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Today's News

  • News briefs for 4/1

    Ongoing
     
    2015 Relay for Life March Team Registration Challenge

  • First group of inmates complete new GED program

    The pomp may have been lower key, but the circumstance was just as important to the seven most recent graduates of the GED program at the Marion County Detention Center.

    David Nelson, 36, was the first person at the jail to earn his GED after the implementation of a computer-only testing system.

    “It’s been 20 years since I dropped out of school. It was not easy,” Nelson said.

    For him, completing the GED, along with the substance abuse program at the jail, is a new step in his life.

  • Lincoln Trail first to receive certification

    By Daniel Carney

    As an economic developer for Springfield and Washington County, my job centers on business attraction and business retention for our community. 

    Much like my counterparts throughout the Lincoln Trail region, my success is typically measured in job growth and more broadly what I do to help position the community for greater economic prosperity.

  • Conway: ‘I’m ready to be governor’

    Randy Patrick
    Landmark News Service

    A Republican criticism of Jack Conway is that he’s a “career politician,” but the 45-year-old state attorney general and Democratic candidate for governor said Wednesday his nearly 14 years of experience in state government means he won’t have to learn on the job.

    “I’m ready to be governor,” Conway said during a visit to The Kentucky Standard while on his way to Marion County.

  • More distinguished ratings for band

    Washington County Concert Band traveled to John Hardin High School last Thursday, where they competed in the KMEA Concert Band Festival.

    They played very beautifully and professionally and came away with Distinguished Ratings from all four judges.

  • A statewide inspiration

    Casey Schaeffer, Ms. Wheelchair Kentucky, visited Springfield recently on her tour through Kentucky. Schaeffer has set a goal to meet every mayor in the Commonwealth to help spread the message of the needs of people with disabilities.

    The Ms. Wheelchair America competition was started in 1972 by a physician in Ohio to raise awareness of the talent and courage of the disabled.

    The organization’s website (www.mswheelchairkentucky.org) notes that unlike the Miss America Pageant, the Ms. Wheelchair America program is “in no way a beauty contest.”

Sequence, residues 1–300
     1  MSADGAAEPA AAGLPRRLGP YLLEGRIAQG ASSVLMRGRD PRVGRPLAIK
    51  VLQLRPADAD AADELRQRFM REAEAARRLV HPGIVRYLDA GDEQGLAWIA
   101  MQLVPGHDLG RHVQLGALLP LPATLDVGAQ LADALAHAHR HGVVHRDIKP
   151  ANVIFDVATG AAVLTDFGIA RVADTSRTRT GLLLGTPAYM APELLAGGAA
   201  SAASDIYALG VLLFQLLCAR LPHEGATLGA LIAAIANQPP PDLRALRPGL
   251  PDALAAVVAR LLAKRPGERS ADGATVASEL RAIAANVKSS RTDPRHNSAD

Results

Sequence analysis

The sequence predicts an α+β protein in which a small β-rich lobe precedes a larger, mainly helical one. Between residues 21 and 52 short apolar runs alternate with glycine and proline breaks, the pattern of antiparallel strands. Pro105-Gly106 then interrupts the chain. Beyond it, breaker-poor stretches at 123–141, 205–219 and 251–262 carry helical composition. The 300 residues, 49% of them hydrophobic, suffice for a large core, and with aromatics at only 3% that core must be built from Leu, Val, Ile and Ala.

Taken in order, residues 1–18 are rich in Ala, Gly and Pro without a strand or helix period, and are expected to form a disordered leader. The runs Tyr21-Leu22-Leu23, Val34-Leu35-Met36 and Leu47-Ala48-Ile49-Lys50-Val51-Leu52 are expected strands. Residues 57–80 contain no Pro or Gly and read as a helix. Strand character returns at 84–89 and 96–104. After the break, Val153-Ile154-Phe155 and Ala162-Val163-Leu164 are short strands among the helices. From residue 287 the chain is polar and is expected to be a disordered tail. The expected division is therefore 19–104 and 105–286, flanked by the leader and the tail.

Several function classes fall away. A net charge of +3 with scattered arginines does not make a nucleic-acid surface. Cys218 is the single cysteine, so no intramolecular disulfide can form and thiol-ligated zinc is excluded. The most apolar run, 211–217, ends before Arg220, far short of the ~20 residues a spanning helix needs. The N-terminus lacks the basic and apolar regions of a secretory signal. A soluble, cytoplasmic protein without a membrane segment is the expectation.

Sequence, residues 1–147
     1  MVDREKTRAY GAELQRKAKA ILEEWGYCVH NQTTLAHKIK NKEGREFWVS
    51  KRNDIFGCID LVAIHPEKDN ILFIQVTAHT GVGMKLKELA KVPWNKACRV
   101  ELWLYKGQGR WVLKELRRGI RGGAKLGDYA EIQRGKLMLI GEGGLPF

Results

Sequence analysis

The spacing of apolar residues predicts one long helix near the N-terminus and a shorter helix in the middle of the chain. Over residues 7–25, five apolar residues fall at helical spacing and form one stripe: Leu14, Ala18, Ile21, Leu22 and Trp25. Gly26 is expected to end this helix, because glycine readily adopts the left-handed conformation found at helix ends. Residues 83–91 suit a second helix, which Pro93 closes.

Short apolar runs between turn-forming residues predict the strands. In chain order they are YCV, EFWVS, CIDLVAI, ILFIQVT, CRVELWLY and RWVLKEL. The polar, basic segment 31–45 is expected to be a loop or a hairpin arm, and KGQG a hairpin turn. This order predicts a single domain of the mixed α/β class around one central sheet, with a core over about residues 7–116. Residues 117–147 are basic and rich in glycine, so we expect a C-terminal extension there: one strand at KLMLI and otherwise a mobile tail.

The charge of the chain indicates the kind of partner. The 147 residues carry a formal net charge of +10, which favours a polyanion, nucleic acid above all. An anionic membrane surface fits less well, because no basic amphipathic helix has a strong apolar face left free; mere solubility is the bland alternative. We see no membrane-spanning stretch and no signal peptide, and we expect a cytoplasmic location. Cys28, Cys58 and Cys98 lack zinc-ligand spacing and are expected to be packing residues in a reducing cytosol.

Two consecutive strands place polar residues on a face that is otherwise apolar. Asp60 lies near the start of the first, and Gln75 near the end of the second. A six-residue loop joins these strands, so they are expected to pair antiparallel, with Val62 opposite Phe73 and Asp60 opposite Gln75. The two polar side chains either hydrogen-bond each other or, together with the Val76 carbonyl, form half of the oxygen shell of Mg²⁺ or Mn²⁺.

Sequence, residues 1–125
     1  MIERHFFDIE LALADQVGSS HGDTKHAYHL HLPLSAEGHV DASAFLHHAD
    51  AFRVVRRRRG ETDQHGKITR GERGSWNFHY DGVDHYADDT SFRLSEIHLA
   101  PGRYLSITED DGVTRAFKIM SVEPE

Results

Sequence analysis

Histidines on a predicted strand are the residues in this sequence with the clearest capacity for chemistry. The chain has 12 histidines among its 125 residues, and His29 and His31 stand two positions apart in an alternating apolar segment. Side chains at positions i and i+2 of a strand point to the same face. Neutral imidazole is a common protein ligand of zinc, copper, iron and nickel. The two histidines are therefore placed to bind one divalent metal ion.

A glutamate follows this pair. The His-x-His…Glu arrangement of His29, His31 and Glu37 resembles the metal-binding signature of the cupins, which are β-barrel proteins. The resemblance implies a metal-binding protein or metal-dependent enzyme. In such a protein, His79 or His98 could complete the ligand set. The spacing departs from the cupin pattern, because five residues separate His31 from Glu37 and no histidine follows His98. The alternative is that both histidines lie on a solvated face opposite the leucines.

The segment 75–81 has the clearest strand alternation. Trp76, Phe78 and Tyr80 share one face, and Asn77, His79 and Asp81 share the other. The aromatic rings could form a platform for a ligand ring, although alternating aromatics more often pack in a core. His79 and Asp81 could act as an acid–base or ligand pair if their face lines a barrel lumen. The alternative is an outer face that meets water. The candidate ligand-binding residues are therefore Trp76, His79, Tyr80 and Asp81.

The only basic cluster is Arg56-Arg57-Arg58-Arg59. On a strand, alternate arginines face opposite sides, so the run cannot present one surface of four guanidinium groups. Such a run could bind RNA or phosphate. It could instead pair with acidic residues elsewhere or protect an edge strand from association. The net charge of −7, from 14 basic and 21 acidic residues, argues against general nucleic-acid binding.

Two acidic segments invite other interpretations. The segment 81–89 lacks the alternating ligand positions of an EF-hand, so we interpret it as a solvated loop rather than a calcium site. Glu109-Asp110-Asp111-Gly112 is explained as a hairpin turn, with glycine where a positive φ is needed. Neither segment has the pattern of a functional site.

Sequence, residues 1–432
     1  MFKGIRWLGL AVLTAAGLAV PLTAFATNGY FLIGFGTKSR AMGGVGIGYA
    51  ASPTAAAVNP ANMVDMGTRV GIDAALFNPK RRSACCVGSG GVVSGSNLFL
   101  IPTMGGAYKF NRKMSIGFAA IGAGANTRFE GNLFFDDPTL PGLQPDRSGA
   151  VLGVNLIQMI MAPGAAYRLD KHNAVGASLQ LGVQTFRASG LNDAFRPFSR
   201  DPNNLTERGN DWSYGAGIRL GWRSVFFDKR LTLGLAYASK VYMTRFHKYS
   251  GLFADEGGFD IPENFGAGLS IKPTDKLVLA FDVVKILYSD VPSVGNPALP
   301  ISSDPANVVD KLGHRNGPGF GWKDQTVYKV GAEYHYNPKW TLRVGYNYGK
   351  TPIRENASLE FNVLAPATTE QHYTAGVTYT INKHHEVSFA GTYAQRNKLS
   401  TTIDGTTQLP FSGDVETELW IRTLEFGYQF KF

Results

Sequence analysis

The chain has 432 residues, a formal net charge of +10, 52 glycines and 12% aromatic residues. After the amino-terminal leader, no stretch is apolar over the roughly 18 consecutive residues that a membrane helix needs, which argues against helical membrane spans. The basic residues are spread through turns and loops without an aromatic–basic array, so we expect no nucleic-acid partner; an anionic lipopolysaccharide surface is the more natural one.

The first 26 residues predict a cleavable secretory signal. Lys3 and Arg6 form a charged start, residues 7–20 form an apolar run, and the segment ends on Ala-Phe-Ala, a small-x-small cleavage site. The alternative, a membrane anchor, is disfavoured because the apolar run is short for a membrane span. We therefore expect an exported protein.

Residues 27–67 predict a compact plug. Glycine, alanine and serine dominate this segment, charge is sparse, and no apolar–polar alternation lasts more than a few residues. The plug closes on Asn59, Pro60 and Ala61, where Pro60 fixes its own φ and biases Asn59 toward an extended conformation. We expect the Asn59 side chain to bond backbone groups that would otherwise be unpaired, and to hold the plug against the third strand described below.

• State reps looking for a bigger office

    With the 2015 General Assembly concluded, at least two state legislators hope they won’t be back for the 2016 session.

    State Rep. Richard Heath (R-Mayfield) and State Rep. Ryan Quarles (R-Georgetown) are hoping to succeed outgoing Commissioner of Agriculture James Comer, who is running for governor.

    The winner of the Republican primary between Heath and Quarles will face the lone Democrat in the race, Jean-Marie Lawson Spann, in November.

  • Sheriff’s office returns excess fees to county

    The Washington County Fiscal Court wrapped up the month of March last Friday.  After the approval of the last three meeting’s minutes, Washington County Sheriff Jerry Pinkston gave the court his report.

    He told the court they had 31 summons served and 78 subpoenas served.

    There were nine attempts to serve warrants or civil papers and they had 151 calls to service. On top of these issued, Pinkston announced they issued 23 concealed carry of a deadly weapons licenses.

  • News briefs for 3/25

    Ongoing

    Free Tree Seedlings
    The Washington County Conservation District has free tree seedlings available to the public. Species available are Hazelnut, White Pine, Pin Oak, Dogwood and Redbud. There is a limit of 20 per person. Our office is located at 461 Lincoln Drive in Springfield or you can contact the office at (859) 336-7777 ext 108.
     
    2015 Relay For Life March Team Registration Challenge

  • A closer look at disaster prep

    When Mother Nature strikes, it’s best to be prepared.

    The effort of any community to bounce back from a major disaster can be an uphill battle, so it’s important to take the proper steps to prepare for such an event.

    That’s what the city of Springfield has been doing as it recently provided updated information for the 2015 Lincoln Trail Regional Hazard Mitigation and Flood Mitigation Plan. The plan will allow the region to focus on improving equipment and processes in order to be better prepared.